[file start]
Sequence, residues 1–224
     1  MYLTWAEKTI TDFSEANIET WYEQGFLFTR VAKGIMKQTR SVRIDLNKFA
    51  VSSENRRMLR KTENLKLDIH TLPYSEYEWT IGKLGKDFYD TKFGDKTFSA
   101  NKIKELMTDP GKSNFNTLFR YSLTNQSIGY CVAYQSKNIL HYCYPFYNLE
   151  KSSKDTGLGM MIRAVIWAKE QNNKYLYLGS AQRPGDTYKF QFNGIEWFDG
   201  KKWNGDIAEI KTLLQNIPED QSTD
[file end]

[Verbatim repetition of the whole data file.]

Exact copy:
Sequence, residues 1–224
     1  MYLTWAEKTI TDFSEANIET WYEQGFLFTR VAKGIMKQTR SVRIDLNKFA
    51  VSSENRRMLR KTENLKLDIH TLPYSEYEWT IGKLGKDFYD TKFGDKTFSA
   101  NKIKELMTDP GKSNFNTLFR YSLTNQSIGY CVAYQSKNIL HYCYPFYNLE
   151  KSSKDTGLGM MIRAVIWAKE QNNKYLYLGS AQRPGDTYKF QFNGIEWFDG
   201  KKWNGDIAEI KTLLQNIPED QSTD